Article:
Northern newspaper to stop publishing - after just five weeks

Caitlin Morrison
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The newspaper launched on 20 June (Source: CN Group)

Publishing group Cumbrian Newspapers (CN) is shutting down its most recently launched title after just five weeks in print, after failing to sell enough copies.

CN launched 24 - The North's National on 20 June, a Monday to Friday publication with a cover price of 40p and the aim of "giving readers a national newspaper with a northern slant". Its last edition will be published tomorrow.

The publishing group said there would be no job losses as a result of the closure.

“We were proud of the design and content and had encouraging feedback and buy-in from advertisers but unfortunately copy sales are just not high enough to justify continuing daily publication," said CN Group editorial director David Helliwell.

“It was always a calculated risk to see whether there was enough of a gap for us to squeeze into beside the big beasts of the daily market and it hasn't come off."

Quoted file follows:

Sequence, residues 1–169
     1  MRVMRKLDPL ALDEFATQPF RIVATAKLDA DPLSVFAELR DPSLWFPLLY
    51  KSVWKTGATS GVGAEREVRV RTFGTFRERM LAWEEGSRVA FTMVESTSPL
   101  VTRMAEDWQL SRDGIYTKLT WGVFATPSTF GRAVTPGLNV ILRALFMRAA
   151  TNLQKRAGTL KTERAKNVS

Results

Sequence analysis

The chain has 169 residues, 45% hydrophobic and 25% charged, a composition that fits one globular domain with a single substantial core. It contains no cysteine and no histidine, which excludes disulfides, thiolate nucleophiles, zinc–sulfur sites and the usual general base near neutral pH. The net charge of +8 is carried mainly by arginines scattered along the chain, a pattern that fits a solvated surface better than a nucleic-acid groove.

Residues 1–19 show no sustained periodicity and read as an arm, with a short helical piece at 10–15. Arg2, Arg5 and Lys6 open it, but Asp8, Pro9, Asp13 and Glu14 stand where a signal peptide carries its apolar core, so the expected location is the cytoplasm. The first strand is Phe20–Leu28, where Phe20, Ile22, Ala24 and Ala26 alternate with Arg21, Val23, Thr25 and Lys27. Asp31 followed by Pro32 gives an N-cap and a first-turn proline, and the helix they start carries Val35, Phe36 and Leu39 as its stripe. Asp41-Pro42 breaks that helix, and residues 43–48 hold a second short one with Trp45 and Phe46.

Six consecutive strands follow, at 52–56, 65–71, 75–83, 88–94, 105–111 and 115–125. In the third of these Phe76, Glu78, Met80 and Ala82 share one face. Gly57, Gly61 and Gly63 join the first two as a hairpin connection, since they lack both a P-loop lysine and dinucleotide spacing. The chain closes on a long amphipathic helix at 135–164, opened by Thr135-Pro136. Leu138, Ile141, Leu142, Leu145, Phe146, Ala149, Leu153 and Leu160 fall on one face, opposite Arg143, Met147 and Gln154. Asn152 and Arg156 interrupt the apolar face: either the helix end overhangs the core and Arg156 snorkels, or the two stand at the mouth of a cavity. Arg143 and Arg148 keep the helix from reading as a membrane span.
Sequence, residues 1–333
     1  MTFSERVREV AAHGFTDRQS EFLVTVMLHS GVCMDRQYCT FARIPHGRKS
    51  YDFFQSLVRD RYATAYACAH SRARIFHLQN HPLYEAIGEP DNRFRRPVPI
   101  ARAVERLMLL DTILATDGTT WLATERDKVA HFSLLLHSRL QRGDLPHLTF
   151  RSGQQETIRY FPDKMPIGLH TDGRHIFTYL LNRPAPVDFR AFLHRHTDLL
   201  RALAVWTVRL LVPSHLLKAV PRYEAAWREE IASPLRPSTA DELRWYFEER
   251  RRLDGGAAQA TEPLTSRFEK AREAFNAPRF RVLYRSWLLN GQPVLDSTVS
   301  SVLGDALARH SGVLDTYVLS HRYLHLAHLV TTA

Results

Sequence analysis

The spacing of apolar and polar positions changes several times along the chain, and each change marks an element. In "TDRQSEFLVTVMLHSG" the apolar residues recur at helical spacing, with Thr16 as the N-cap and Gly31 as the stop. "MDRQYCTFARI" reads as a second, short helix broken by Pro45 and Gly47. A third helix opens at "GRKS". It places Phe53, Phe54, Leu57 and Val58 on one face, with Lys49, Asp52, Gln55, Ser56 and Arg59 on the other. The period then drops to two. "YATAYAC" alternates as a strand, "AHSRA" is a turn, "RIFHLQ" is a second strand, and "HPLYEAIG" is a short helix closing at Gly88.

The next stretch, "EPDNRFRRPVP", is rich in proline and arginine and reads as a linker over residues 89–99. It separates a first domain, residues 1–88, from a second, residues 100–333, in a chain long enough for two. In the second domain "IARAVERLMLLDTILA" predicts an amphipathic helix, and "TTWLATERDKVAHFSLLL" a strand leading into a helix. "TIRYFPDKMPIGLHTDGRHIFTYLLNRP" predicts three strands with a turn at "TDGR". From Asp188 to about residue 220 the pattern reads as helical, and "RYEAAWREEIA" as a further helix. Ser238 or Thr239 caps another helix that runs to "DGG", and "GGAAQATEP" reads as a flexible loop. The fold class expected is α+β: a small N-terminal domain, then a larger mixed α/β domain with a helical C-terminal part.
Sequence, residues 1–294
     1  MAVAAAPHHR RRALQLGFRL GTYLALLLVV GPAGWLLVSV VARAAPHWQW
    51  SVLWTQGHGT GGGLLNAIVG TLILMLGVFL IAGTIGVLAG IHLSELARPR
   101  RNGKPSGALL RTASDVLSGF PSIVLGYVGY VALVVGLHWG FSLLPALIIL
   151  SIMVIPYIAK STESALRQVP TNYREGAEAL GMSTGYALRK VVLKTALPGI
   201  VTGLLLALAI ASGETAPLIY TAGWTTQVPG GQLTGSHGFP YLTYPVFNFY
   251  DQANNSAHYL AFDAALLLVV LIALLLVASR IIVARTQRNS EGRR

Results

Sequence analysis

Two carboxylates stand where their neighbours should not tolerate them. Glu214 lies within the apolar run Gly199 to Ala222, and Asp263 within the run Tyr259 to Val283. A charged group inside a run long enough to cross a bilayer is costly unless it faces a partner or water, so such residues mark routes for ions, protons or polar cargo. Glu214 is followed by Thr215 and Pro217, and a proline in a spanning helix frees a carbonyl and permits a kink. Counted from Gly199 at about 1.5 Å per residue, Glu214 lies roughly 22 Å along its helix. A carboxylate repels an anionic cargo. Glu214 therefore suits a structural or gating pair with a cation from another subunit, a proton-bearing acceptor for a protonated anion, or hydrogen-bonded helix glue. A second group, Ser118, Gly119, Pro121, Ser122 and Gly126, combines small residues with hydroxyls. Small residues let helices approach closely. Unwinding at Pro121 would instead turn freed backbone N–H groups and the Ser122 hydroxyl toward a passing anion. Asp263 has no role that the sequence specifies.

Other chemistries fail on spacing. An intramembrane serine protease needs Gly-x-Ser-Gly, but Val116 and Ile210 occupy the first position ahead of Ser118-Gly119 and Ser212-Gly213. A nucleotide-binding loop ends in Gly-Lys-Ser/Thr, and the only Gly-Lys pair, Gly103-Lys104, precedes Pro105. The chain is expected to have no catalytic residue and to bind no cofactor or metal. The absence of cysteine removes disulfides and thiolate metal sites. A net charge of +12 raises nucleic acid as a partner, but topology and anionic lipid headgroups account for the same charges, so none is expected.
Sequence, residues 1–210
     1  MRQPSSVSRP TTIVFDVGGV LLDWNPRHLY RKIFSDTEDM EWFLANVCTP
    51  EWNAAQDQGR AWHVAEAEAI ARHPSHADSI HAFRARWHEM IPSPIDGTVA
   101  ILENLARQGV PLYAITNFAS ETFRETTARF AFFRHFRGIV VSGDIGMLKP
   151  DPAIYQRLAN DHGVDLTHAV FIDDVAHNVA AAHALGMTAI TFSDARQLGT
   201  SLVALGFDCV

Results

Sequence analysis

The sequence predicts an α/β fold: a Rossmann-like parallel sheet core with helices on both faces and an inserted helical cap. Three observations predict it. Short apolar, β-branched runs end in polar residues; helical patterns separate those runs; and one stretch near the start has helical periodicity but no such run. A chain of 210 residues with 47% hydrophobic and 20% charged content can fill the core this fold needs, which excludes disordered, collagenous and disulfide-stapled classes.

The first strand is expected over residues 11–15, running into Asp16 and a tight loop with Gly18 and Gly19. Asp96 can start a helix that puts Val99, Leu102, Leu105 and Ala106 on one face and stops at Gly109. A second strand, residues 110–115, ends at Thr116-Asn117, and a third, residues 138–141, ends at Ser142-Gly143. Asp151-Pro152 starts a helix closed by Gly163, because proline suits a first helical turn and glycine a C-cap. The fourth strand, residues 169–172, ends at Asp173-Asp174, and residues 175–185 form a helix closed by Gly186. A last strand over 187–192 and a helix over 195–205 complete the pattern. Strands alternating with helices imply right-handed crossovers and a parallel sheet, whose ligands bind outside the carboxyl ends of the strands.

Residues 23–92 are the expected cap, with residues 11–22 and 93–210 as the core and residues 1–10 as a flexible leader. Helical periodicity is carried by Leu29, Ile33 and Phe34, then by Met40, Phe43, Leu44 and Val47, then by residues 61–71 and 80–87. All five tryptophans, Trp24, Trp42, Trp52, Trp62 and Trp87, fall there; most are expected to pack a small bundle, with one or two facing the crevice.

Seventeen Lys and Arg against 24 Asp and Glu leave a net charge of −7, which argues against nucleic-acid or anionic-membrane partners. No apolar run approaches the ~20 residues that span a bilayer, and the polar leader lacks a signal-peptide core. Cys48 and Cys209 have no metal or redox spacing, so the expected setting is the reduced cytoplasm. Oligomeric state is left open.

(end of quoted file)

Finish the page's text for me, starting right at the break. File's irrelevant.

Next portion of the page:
He added: “We launched quickly, failed quickly and learned an awful lot along the way. We’re obviously disappointed it didn't work out but it hasn't diminished our appetite for trying new publications, be they print or digital.

“The closure in no way reflects on the dedicated efforts of the small editorial team who produced 24 on a daily basis to a high standard."

The demise of The North's National follows Trinity Mirror's decision to call it quits with the New Day, which was last published in May, having launched in February. However, newspapers more generally have been boosted in recent weeks, with circulation figures increasing in June compared with May.

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